Evans, The Notorious Kidnapper Cannot Spoil Umudim For Me -By Azuka Onwuka

Filed under: Forgotten Dairies,National Issues |


I read the news about Evans the kidnapper. The report said he is a Nigerian, an Igbo, an Anambra indigene, and an Nnewi indigene from Umudim.

Umudim is the same part of Nnewi that produced Ikemba Nnewi and his wealthy father, Sir Louis Odumegwu Ojukwu, who lent his Rolls Royce to Nigeria for the use of Queen Elizabeth II when she visited in 1956, because Nigeria did not have a befitting car for the Queen. Nigeria’s first indigenous motor vehicle manufacturer, Innoson, who also manufactures aircraft parts for the Nigerian Airforce, is from Umudim Nnewi too. Nigeria’s first female Governor of a state, Dame Virgy Etiaba, is also from Umudim Nnewi even though born by Otolo Nnewi parents. I am from Umudim Nnewi too. So Mr Chukwudubem Onwuamadike (Evans the kidnapper) is my kinsman.

The police described him as the most brilliant and richest Nigerian kidnapper. Sadly, he misapplied his talent.

There is no justification for crime. For me, kidnapping is worse than armed robbery because it instills fear into people and can scare away people from a city.

Even though Evans said his business was crippled by the seizure of his goods worth over N25 million by the Customs, which made him to go into crime, definitely he chose the wrong means to make wealth. It is frowned at in our community. He also claimed to be suffering from stomach cancer. Maybe his fear of imminent death made him more brazen and desperate to make more money to bequeath to his wife and children and that was why he could demand as much as one million US dollars ransom from his victims.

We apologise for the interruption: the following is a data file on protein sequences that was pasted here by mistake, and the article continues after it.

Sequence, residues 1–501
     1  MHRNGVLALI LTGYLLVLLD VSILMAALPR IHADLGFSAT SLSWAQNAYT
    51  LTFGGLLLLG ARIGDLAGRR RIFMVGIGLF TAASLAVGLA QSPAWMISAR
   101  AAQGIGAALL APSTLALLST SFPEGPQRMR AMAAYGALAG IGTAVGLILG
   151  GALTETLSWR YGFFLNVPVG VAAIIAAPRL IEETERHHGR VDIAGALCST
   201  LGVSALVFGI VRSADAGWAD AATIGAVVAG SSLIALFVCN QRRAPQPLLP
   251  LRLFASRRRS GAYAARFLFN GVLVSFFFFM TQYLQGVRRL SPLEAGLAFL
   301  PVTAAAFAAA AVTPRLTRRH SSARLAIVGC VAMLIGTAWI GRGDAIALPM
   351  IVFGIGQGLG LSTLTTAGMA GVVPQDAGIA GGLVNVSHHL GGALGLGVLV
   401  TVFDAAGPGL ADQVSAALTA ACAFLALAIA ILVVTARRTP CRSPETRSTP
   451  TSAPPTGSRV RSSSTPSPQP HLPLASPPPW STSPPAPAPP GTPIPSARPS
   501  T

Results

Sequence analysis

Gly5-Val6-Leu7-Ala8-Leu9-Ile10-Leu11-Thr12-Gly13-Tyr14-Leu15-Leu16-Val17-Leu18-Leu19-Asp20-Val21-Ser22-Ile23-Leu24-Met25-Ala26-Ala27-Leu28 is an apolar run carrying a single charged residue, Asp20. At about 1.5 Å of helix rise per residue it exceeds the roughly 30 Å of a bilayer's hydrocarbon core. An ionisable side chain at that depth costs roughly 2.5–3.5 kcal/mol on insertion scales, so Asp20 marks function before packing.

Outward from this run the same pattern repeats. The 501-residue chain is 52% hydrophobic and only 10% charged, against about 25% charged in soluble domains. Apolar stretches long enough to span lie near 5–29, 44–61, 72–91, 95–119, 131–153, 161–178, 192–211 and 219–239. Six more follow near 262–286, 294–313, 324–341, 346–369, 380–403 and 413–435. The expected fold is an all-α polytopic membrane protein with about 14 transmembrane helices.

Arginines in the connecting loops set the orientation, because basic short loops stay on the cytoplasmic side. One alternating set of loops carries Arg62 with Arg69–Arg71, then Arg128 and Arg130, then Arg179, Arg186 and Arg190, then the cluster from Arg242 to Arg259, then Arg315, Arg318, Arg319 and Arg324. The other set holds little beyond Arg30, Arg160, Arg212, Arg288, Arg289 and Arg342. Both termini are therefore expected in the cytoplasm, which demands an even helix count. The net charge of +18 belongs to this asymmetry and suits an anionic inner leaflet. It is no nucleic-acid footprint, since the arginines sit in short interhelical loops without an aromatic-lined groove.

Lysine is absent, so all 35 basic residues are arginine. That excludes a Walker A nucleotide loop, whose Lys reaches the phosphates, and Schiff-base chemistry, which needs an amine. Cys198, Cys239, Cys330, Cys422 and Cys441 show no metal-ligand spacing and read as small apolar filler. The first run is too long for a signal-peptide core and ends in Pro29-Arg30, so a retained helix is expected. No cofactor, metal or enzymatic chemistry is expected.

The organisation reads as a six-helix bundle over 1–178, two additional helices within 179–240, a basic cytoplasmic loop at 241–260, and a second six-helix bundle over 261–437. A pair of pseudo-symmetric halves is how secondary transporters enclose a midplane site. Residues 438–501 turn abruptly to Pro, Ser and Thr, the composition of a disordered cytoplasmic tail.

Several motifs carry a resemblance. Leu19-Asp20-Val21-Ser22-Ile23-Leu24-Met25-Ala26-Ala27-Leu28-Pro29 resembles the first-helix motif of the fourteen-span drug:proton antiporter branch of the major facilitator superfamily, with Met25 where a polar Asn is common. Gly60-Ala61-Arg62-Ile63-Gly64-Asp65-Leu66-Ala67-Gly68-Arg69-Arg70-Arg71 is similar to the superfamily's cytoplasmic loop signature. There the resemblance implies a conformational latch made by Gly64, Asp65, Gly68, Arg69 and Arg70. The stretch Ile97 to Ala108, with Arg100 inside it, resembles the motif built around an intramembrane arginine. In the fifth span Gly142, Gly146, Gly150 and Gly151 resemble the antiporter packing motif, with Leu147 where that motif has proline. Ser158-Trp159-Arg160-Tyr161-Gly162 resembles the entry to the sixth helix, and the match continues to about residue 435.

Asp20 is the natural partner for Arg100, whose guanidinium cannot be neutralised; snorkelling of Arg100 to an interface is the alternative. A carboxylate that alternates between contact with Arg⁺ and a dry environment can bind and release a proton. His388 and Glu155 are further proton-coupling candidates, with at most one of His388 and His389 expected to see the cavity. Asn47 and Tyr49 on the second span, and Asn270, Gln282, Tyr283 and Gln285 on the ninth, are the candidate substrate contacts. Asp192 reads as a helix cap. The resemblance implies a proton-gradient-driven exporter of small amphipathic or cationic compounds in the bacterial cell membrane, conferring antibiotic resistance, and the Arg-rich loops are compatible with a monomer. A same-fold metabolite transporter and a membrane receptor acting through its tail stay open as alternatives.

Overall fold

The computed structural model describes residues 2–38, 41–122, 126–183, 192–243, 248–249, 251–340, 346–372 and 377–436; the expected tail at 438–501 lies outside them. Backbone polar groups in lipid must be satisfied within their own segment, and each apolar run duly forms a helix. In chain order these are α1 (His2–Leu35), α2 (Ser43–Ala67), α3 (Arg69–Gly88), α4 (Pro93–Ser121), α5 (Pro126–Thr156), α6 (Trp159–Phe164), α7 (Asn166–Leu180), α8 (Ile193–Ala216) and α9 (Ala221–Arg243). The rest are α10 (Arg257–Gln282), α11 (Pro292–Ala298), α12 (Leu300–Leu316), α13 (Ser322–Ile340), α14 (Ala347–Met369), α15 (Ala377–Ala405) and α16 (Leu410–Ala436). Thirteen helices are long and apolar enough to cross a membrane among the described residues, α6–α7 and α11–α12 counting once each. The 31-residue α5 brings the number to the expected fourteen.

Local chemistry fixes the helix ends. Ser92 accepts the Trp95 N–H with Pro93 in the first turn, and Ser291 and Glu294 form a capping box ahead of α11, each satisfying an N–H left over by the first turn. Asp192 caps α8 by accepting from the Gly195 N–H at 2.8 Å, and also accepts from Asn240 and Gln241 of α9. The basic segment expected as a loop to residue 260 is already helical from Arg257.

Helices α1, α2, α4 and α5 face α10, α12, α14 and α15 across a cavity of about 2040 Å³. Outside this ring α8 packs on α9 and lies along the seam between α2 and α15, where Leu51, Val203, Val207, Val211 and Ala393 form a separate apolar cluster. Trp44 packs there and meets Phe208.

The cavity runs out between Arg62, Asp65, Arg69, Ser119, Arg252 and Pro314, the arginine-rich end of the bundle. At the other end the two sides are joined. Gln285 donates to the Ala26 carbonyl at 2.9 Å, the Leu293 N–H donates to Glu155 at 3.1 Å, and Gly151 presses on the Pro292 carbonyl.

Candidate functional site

Two types of crime have threatened the progress of Nnewi: armed robbery and kidnapping. Gov Mbadinuju eliminated armed robbery with the Bakassi Boys in 2000 while Gov Peter Obi eliminated kidnapping around 2012. Gov Obiano has maintained the tempo. No state governor should allow armed robbers and kidnappers to feel safe in his state.

But despite the innuendos from some characters, the crime of Evans cannot detract from the greatness of Nnewi city, nor Anambra State, nor Igbos. No. Evans cannot stain Nnewi, a people who gave Nigeria its first Acting President and third Senate President (Dr Nwafor Orizu); a people who gave Nigeria its first international market that was built and run by the indigenes; a people who taught Nigerians that Japanese and Chinese manufacturing prowess could be replicated in a community in spite of epileptic electricity; a people who taught Nigerians how to use luxury buses for long-distance transportation, providing an alternative where government’s trains could not suffice.

Sadly most of his victims were industrialists from Anambra who had laboured over the years to make their money. The monkey cannot be working while the baboon is eating.

The irony of life in Nigeria is that when a person excels, his hometown, state of origin and ethnicity are ignored and he becomes an exemplary Nigerian, but when he does something bad, he is no longer a Nigerian but from his town and ethnic group.

The story of Evans should serve as a lesson to many that crime does not pay. Because he was a wanted man, he could not even take the money home to build anything. Rather he was in hiding until he was captured. He has brought shame to his family. Unfortunately, his children will live under the shadow of his crime.